“Horrible Bosses 2” is a strange experience. While it was happening I laughed and it seemed to be working. I step away from it however, and time is unkind. “Horrible Bosses 2” unravels like a homemade Christmas sweater when placed under a critical eye.
Jason Bateman, Jason Sudeikis and Charlie Day are back in the roles of Nick, Curt and Dale and out from under the yoke of their horrible bosses that they attempted to kill in the 2011 original. Striking out on their own they have an invention that they hope will make them their own Bosses. Unfortunately, though the product does attract financiers, our heroes’ business instincts leave them in the hole and forced once again to extreme measures.
2 time Academy Award winner Christoph Waltz is the big bad Boss this time who quickly hoodwinks the trio out of their invention. Waltz’s Bert Hanson takes little time outwitting our heroes leading to the scheme that is the center point of the film: kidnapping Hanson’s son Rex (Chris Pine) in hopes to score enough ransom to save the company and the dream of not having a boss.
Energy is the main reason why “Horrible Bosses 2” works in the moment but does not sustain itself in memory. The laughs that the film generates come from the immediate energy with which Bateman, Sudeikis, Day and Pine interact. Each segment of “Horrible Bosses 2” plays out the same way: a scene begins with one character introducing a plot point and then the other actors riff on it until things get loud enough for Bateman to throw cold water on the whole thing as the straight man.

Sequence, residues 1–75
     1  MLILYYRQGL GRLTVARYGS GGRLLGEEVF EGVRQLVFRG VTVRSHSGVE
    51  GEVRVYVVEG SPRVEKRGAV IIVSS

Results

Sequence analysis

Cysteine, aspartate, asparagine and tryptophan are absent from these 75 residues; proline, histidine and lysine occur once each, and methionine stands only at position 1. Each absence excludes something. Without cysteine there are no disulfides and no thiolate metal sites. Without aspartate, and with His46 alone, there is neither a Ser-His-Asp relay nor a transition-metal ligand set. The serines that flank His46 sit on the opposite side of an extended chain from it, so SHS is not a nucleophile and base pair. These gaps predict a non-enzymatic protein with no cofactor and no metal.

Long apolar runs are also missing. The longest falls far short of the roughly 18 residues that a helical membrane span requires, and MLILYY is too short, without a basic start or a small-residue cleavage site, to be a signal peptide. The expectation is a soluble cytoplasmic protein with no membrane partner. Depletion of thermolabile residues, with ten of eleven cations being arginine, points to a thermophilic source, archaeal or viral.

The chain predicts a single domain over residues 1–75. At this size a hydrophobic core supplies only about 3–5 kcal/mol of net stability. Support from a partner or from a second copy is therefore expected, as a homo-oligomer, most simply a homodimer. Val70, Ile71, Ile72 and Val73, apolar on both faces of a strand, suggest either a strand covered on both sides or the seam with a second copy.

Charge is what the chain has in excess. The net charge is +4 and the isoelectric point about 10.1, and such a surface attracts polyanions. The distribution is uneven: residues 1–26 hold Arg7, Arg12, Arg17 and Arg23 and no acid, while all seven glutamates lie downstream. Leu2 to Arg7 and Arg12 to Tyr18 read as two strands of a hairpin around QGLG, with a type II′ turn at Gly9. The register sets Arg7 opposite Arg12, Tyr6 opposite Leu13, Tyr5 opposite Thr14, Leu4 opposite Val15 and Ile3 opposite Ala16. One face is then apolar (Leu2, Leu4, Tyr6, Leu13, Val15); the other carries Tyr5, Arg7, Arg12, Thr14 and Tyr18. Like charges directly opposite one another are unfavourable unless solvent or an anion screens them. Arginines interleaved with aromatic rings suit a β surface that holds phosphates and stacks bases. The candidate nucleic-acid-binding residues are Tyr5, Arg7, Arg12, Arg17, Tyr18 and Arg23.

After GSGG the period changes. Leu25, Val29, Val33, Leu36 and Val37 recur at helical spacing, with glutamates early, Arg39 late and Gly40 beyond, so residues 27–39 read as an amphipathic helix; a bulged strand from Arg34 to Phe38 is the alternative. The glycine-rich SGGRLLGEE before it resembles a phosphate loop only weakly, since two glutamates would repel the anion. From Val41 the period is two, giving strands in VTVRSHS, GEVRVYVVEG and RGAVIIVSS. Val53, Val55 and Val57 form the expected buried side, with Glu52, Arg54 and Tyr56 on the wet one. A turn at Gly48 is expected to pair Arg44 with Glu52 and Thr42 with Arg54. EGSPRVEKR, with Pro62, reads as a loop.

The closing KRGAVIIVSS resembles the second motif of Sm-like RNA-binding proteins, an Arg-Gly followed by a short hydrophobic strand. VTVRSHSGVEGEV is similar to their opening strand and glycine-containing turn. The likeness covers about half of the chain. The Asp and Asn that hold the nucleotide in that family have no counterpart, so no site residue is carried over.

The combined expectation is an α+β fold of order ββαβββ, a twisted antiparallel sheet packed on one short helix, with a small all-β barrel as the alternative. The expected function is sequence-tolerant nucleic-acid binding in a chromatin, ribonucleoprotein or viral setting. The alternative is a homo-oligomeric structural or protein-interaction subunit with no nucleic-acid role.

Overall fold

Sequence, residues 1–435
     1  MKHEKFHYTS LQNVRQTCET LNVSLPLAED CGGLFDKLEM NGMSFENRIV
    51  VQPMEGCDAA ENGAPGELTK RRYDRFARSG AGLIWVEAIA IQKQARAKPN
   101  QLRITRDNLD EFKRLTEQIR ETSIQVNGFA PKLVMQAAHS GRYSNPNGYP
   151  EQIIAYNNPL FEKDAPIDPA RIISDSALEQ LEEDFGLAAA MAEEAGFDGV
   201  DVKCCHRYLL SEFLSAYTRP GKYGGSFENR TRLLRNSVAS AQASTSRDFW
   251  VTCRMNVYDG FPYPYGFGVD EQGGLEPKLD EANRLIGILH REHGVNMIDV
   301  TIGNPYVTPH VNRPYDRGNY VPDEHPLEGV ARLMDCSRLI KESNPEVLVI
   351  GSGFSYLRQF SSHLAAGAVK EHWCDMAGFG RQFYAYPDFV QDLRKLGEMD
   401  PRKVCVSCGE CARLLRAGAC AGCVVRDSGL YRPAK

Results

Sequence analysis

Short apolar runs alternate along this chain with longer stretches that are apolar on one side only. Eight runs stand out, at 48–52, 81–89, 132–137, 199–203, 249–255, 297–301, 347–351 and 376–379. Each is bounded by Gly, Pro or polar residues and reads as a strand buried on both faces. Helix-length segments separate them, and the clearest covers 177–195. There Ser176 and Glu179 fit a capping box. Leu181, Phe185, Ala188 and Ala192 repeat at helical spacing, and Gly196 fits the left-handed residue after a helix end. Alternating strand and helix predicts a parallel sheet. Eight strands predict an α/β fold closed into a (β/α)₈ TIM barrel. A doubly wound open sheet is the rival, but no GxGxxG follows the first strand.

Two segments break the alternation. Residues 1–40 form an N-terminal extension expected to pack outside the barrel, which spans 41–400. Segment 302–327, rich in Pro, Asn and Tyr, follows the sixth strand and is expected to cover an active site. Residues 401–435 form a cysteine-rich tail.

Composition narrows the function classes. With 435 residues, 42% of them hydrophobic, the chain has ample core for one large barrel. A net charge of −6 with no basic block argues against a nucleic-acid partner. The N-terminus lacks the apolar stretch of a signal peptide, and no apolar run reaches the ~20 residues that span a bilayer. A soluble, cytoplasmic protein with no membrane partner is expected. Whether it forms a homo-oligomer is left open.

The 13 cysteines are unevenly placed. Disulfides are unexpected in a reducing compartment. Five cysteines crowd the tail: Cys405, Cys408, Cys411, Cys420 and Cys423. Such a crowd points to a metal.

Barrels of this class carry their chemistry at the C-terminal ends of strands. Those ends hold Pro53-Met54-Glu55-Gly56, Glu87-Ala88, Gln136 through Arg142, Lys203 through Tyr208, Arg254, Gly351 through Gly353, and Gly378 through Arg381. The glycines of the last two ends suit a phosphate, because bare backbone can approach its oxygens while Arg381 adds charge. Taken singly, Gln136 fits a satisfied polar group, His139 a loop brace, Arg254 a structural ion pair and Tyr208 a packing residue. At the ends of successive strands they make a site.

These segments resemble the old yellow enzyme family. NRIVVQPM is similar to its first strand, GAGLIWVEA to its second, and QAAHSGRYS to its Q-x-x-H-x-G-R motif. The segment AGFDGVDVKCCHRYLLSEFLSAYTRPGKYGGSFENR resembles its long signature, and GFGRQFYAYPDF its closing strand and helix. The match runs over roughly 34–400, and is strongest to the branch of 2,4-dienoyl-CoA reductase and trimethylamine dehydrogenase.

Scene after scene in “Horrible Bosses 2” plays out in the exact same fashion and eventually the law of diminishing returns kicks in. As a change up, the third act turns nasty with an unexpected murder and the return to the plot of Jennifer Aniston’s sexpot and Jamie Foxx’s hustler each to lesser levels of excitement and humor.
I’m being hard on “Horrible Bosses 2” and yet I really did laugh a lot during the movie. Bateman, Sudeikis and Day can’t help but be funny together and the obvious freedom they have to invent their dialogue allows them to bounce off each other in the colorful and familiar fashion of real friends.
Those interactions however, even as they are funny in the moment, don’t have a lasting quality. Nothing about “Horrible Bosses 2” resonates long after you see it. The energy of the moment dissipates quickly after the movie ends and what remains is the vague memory of laughs and some of the nastier parts of the plot that failed to enhance the humor.